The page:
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"Dwyle flunking or dwile flonking is an outdoor game, which typically involves two teams of twelve players, though there is great flexibility in numbers, terminology and rules. One of the teams gathers in a circle, called a girter, enclosing a member of the other team, the flonker. He holds a broom handle (usually called the driveller), on top of which is a rag soaked with (usually stale) beer, called the dwile or dwyle.
At a signal, the girter dances around the flonker in a circle. He must flick (or flonk) the dwile with the driveller so it hits a girter team member. The score depends on which part of the body he hits. The usual scoring is three points for a hit on the head (a wanton), two for a hit on the body (a marther), and just one for a leg strike (a ripple). If after two shots the flonker fails to score he is swadged, or potted, which means he has to drink a quantity of beer from a chamber pot within a given time. After all the members of one team have flonked, the other team is put in. The winner is the team with the most points after two innings, usually the one with more members still upright.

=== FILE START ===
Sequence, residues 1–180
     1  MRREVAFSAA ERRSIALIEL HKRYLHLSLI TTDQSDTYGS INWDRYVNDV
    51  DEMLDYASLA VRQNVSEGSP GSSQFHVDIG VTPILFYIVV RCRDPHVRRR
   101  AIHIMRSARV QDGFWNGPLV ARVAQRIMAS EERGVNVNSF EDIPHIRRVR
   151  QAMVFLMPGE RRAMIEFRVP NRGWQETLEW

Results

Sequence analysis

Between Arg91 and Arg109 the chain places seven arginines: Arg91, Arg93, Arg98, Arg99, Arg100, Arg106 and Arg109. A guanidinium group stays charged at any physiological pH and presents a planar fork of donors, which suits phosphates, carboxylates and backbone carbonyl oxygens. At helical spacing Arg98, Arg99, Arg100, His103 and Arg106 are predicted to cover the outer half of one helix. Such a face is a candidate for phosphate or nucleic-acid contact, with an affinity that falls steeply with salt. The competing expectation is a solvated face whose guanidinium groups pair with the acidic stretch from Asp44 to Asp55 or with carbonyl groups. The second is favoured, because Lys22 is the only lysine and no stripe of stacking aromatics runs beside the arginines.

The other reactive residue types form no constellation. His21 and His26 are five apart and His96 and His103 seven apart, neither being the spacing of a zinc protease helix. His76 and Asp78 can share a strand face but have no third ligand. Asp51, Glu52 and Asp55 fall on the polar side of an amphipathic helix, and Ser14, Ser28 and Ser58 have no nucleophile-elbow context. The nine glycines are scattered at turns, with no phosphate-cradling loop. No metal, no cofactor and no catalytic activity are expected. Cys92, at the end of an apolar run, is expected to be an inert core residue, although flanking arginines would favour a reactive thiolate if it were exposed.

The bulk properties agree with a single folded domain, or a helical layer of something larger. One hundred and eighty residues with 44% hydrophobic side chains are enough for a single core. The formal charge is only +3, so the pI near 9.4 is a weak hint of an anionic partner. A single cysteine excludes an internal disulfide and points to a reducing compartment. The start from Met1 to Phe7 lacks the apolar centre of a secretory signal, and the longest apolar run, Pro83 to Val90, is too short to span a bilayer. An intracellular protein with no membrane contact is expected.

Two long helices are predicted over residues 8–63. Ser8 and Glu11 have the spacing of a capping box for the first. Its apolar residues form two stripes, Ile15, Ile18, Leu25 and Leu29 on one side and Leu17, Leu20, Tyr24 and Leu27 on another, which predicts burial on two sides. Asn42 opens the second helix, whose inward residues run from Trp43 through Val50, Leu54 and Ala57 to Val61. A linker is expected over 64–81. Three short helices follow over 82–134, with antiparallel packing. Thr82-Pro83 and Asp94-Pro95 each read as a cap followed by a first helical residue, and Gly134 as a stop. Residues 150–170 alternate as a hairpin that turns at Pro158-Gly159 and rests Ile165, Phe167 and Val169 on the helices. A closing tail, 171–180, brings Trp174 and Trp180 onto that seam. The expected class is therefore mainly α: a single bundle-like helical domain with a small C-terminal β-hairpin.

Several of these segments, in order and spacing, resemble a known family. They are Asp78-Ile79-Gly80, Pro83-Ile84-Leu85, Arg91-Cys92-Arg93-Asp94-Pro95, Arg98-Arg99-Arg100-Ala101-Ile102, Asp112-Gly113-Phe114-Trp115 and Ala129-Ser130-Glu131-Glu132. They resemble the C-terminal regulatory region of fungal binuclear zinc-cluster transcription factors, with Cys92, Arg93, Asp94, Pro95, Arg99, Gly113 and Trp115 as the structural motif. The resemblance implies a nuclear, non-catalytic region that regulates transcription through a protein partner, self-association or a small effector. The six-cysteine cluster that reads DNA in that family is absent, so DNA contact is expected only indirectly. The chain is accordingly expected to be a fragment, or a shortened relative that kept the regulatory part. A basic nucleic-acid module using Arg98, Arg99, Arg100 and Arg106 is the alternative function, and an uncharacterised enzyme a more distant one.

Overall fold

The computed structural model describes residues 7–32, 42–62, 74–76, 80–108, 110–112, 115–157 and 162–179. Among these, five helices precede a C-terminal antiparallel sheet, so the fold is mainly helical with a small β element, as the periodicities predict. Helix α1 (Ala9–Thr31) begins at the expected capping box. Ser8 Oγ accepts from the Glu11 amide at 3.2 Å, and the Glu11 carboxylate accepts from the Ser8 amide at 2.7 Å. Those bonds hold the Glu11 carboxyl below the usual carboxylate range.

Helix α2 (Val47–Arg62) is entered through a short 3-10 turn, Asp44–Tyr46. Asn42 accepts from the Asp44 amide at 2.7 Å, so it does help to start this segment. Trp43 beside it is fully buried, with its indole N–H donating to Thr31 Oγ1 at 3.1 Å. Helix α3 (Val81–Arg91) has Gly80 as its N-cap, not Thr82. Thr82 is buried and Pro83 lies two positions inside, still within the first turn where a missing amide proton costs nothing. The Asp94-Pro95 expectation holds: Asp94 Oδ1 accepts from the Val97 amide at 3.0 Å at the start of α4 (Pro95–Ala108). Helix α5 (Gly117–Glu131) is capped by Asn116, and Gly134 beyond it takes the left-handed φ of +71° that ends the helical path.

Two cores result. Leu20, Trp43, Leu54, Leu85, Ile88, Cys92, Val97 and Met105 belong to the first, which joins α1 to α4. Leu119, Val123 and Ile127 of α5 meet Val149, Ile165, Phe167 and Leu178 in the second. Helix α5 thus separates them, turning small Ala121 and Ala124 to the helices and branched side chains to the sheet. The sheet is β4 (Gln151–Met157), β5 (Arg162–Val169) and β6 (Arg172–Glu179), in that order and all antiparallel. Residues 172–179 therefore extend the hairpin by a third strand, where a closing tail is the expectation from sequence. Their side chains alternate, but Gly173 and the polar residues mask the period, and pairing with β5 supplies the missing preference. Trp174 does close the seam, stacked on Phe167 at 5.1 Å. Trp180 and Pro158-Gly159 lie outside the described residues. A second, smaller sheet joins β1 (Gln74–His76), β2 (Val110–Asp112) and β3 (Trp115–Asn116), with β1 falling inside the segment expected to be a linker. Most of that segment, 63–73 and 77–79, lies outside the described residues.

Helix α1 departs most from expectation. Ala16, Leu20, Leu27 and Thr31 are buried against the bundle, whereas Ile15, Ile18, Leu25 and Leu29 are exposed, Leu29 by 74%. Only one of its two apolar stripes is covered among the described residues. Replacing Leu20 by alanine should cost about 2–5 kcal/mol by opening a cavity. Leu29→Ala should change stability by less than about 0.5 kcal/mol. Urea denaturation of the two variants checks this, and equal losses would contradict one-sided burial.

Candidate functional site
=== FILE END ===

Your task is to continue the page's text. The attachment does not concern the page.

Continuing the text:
An activity that appears to be dwyle flunking is depicted in the painting Children's games by Pieter Brueghel the Elder, which suggests that something like this game was being played in Flanders in the 16th century."